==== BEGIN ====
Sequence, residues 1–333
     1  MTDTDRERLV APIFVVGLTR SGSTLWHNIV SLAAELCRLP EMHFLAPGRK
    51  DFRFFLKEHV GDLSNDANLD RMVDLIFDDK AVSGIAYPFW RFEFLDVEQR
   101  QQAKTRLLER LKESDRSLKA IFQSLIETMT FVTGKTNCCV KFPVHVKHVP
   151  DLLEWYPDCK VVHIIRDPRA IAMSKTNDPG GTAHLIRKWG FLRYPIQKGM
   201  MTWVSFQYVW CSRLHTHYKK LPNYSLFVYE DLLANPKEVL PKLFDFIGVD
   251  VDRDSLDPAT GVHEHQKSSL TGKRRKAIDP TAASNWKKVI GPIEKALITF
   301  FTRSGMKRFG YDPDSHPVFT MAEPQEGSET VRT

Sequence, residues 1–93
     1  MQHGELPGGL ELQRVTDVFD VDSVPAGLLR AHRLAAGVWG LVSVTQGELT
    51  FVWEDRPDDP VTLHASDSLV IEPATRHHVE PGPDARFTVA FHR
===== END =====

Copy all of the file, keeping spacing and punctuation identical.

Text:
Sequence, residues 1–333
     1  MTDTDRERLV APIFVVGLTR SGSTLWHNIV SLAAELCRLP EMHFLAPGRK
    51  DFRFFLKEHV GDLSNDANLD RMVDLIFDDK AVSGIAYPFW RFEFLDVEQR
   101  QQAKTRLLER LKESDRSLKA IFQSLIETMT FVTGKTNCCV KFPVHVKHVP
   151  DLLEWYPDCK VVHIIRDPRA IAMSKTNDPG GTAHLIRKWG FLRYPIQKGM
   201  MTWVSFQYVW CSRLHTHYKK LPNYSLFVYE DLLANPKEVL PKLFDFIGVD
   251  VDRDSLDPAT GVHEHQKSSL TGKRRKAIDP TAASNWKKVI GPIEKALITF
   301  FTRSGMKRFG YDPDSHPVFT MAEPQEGSET VRT

Sequence, residues 1–93
     1  MQHGELPGGL ELQRVTDVFD VDSVPAGLLR AHRLAAGVWG LVSVTQGELT
    51  FVWEDRPDDP VTLHASDSLV IEPATRHHVE PGPDARFTVA FHR